The opening cut, "Bear Dance (10 Easy Pieces No. 10)," has an almost Klezmer feel; rest assured this is not cliché music. On Satie’s "Trumpets of the Rosicrucian Order," guitarist Eval Maoz introduces the piece, melds with trumpeter Avishai E. Cohen, and resolves with an inventive solo under which drummer Kevin Zubek and bassist Shanir Ezrea Blumenkranz, both veterans of work with John Zorn, prop a brilliant underpinning. The three sections of Bartok’s Hungarian Peasant Songs are performed with a precise sort of cacophony. This is not to infer that the sections are the musical equivalent of anarchy. This is well developed and executed. The playing is exceptional in all instances. Cohen’s trumpeting on the final section of the Peasant Songs is gorgeous. He has worked with the likes of Ira Sullivan, Dave Liebman and Clark Terry over the years. He’s clever and technically able to stretch without losing the soulfulness of the instrument.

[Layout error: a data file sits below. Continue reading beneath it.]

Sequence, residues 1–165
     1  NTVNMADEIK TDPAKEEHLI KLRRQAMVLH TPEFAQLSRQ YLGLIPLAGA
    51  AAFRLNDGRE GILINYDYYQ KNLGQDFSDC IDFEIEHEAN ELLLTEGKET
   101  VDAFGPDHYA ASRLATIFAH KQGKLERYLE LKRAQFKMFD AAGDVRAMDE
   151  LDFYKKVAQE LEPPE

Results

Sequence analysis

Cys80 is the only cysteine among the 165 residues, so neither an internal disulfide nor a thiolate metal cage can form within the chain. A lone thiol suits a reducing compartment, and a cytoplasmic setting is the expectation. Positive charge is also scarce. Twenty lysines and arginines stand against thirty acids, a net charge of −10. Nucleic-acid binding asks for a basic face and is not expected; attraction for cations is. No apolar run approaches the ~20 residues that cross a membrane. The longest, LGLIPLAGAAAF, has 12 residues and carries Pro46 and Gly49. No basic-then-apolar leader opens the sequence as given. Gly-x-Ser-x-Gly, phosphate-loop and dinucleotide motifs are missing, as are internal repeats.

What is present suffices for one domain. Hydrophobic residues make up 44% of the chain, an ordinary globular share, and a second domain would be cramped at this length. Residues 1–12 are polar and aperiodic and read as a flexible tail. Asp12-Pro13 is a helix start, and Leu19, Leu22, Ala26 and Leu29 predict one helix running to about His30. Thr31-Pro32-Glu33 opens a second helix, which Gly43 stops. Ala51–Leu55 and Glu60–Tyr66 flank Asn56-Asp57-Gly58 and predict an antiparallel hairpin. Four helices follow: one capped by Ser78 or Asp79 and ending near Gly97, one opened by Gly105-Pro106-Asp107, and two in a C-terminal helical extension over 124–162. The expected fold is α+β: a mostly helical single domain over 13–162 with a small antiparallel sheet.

Bassist Blumenkranz sets up Satie’s "On A Latern," a piece that takes introspective giant steps. On the bouncy "Dried Embryos," Satie is given a sort of brass band on helium interpretation, and somehow the quartet makes the reprise section of "Hungarian Peasant Song No. 6" sound like a cross between Chuck Berry and Donald Byrd.
This is not your father’s jazz record. It’s not even your uncle’s or your niece’s jazz recording. This is an experimental jazz view of music from another era performed by a wholly fearless quartet of excellent musicians. This is challenging and adventurous music that defies easy categorization. It requires open ears and a penchant for peering into, if not the future, then at least a side road.